More green cover, gardens, but fewer native trees; forests dwindle

Human habitations are encroaching upon the farm land and orchards of fringe villages. The most suffered habitat type has perhaps been riverine vegetation, especially babul (Acacia nilotica) tree groves along the rivers of Mula and Pawana.

Written by Garima Mishra | Pune | Published:July 7, 2017 6:19 am
Once a barren rocky hill, the ILS Hill has been transformed into a thick forest with rich biodiversity and a variety of vegetation. The credit goes to the founders of the Indian Law Society and their successors for their relentless efforts towards planting trees from 1930s till date.

While many Puneites believe that rampant development has led to the depletion of green cover over the past few decades, environment experts feel that in the last 20 years, green cover has increased substantially in the city. But there’s also a downside to it.

Development v/s ecosystem

While hills across the city have seen a significant increase in green cover, the forests on the outskirts of the city have depleted. A research paper published 11 years ago in 2006 by city-based botanists Mandar N Datar and Vinaya Ghate, on the ‘Changing floristic diversity of Katraj Hill in Pune’, states, “During British period, most of the fuel wood for the army was brought from Katraj hill area and the activity is still continued today by local people. Large forest areas have been lost due to this activity and has disturbed other associated species. Katraj Ghat is the southernmost boundary of Pune city and is changing very fast due to ever-growing urban development and road widening. Residential constructions, arrival of new industries and allied activities are also increasing at a faster rate. These ever-growing settlements have reached almost one-third of the pass. Road widening is one of the major activities and is almost a continuous process observed in this area in order to facilitate day-to-day increasing transport, which is the major cause for significant change in biodiversity.”

A research study spearheaded by Garware college faculty and students in 2000, published by the Research and Action in Natural Wealth Administration (RANWA), states “Pune urban area has been expanding at an average rate of about 500 m per year for the last two decades or so. Human habitations are encroaching upon the farm land and orchards of fringe villages. The most suffered habitat type has perhaps been riverine vegetation, especially babul (Acacia nilotica) tree groves along the rivers of Mula and Pawana. Grassland and scrub in the eastern outskirts have also been severely destroyed. There is heavy pressure on scrub and forest in the hill for fuel wood, especially near the hutment e.g. Kelewadi slum adjoining Bhamburda forest park, Mutha canal slums near Parvati-Pachgaon. Bootleggers located in the hills are also responsible for tree cutting…”.

The Pune-based Wildlife Research and Conservation Society (WRCS), in its 2013 report on the status of forests in the northern Western Ghats, have estimated the extent of forests at 12,043 sq km, of which 6,020 sq km are under tree cover while the remaining area is in the category of scrub and open forest. An area of 5,794 sq km of private forests comes under forest department. n n n Green cover has increased, but… Madhav Gadgil, renowned environmentalist, says, “Technically speaking, the green cover of the city has increased over the past two decades. However, native tree species such as Cohchlo Spermum and Salai, which were abundant earlier, have reduced substantially now. They have been taken over by exotic species like Subabul, Glyrecedia and Melano Xylon. While Melano Xylon was introduced by one horticulturist in the Pune University campus, the other two species were planted by the forest department. These exotic species have spread across the city and have encroached into the growth of indigenous trees.”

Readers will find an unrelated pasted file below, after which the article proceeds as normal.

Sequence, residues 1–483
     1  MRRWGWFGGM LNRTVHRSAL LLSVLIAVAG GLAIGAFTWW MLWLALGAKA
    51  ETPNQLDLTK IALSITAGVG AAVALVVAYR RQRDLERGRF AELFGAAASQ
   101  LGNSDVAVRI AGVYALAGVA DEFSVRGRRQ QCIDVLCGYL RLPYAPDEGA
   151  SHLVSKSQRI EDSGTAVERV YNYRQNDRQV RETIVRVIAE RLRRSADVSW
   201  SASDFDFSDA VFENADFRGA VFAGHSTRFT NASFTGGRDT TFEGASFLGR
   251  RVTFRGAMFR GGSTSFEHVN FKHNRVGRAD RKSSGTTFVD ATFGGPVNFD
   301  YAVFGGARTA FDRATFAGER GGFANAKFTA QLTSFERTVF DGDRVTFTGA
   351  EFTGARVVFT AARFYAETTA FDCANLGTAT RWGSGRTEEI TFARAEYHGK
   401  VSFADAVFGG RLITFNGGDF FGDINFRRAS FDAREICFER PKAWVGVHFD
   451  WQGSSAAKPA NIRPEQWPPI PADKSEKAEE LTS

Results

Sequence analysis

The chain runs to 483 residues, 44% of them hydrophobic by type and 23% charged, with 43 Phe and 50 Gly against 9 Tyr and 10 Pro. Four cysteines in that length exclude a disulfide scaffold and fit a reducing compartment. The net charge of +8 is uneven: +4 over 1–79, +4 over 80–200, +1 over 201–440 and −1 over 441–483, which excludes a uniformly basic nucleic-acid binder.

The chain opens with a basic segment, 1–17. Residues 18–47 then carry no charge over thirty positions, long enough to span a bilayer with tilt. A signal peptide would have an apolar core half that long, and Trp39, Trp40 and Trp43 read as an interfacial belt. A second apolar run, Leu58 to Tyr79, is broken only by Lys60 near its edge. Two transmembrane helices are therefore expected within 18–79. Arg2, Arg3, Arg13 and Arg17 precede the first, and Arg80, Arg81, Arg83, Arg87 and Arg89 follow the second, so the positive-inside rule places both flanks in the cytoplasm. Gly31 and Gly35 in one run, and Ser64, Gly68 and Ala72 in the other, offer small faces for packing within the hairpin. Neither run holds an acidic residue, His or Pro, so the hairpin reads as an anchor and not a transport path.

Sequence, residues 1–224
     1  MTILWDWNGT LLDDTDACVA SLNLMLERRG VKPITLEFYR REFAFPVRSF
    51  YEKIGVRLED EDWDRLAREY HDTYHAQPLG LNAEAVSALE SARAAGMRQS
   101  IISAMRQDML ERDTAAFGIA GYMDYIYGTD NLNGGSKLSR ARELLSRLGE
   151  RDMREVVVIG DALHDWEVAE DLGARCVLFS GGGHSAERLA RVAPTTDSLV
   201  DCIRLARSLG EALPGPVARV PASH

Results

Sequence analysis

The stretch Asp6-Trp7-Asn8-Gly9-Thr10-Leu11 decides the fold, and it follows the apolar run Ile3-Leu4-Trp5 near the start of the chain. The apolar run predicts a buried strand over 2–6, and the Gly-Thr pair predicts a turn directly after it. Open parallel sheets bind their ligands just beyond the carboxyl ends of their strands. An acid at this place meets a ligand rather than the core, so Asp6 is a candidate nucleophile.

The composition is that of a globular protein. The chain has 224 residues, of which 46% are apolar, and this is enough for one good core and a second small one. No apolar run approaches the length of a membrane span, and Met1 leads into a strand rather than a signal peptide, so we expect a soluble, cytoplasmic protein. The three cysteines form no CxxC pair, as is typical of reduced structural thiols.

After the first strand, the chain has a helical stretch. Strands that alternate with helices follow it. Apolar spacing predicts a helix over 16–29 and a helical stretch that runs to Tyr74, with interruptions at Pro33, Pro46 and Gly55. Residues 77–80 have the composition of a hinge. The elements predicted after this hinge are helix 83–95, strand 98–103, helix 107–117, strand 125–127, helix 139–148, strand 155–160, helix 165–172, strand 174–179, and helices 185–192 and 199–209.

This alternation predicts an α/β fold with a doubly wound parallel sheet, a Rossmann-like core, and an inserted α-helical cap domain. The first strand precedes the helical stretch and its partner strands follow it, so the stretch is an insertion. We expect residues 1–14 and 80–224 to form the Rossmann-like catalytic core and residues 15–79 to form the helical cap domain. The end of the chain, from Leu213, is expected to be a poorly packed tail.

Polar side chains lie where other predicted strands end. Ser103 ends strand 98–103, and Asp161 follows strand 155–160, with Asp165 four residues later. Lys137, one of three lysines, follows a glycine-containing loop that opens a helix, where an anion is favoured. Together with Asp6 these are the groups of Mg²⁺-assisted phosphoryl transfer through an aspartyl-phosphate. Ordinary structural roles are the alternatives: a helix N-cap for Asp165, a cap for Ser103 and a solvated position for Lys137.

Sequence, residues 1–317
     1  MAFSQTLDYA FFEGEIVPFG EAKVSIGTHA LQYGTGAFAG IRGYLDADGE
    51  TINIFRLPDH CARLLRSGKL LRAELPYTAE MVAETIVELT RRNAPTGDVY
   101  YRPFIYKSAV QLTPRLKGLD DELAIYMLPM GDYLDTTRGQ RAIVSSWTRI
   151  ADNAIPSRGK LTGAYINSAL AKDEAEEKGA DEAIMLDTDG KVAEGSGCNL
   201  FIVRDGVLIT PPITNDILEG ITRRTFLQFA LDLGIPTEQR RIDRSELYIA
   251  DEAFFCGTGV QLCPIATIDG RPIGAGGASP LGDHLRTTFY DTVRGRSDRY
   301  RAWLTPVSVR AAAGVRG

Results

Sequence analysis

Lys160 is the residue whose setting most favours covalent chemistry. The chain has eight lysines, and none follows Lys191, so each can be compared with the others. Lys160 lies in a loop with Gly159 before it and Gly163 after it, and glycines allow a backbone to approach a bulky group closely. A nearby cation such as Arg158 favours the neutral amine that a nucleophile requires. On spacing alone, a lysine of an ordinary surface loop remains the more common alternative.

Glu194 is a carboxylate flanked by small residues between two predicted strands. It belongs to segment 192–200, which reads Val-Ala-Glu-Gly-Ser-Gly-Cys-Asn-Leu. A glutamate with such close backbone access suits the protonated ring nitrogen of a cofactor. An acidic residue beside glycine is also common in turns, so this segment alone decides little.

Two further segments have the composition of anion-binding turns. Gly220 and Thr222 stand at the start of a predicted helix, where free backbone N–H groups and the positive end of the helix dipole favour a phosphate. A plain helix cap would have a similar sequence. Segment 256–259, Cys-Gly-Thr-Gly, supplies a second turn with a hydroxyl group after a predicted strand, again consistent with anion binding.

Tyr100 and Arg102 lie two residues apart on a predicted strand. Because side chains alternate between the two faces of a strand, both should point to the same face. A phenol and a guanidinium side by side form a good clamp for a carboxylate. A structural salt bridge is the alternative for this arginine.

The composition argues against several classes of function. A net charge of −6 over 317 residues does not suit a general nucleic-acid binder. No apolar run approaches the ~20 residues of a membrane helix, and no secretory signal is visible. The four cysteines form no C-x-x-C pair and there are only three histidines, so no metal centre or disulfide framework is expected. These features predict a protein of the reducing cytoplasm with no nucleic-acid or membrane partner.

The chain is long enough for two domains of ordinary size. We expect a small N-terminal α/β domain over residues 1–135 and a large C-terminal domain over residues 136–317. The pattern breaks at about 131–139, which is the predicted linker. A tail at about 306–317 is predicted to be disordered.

According to Swati Gole from the Ecological Society of India, the green cover on the hills has increased a lot in the past decades, but these comprise mostly non-native trees which, she says, is not a good sign. In other parts of the city, most open spaces have been used to build something for commercial purposes. “Trees have been planted in an unplanned and uninformed manner. For instance, Pashan Lake, a wetland, should have been developed as a wetland. Instead, crores were spent to beautify it and natural habitats got destroyed,” she says.

Dharmaraj Patil, a bird watcher and wildlife researcher, says that Pashan Lake was once a beautiful abode of birds, both local as well migratory. But the PMC’s ambitious project led to the destruction of many habitats and microhabitats at the lake, which resulted in a reduction in the number of birds visiting the lake. “Birds like Wagtails, which were in flocks of hundreds, are now fewer in number. Similar has been the impact on migratory ducks… Waders’ habitat (ie. of sandpipers, snipes, stilts, stints etc) has been destroyed during this project,” he says.

Positively speaking 

On a positive note, in the last 20 years, the number of gardens in the city has grown by over four times. While Pune had only 33 gardens 20 years ago, there are 183 gardens now, said PMC Garden Superintendent Ashok Ghorpade. Some of the gardens that were built more than 20 years ago and still exist include Peshawe Park (Sadashiv Peth, 1956), Sarasbaug (Sadashiv Peth, 1952), Shreemant Bhairavsingh Ghorpade Garden (Ghorpadi, 1955), Krantishalaka Aruna Asafali Garden (Maharshi Nagar, 1996), and Late Kakasaheb Gadgil Garden (Padmavati, 1989), among others.

Pointing out another positive development that has led to an increase in green cover, Gadgil said, “Green activists in some parts of the city, for example those who reside on the stretch from Law College Road till Chandni Chowk, have been very active in terms of stopping the felling of trees,” he said.

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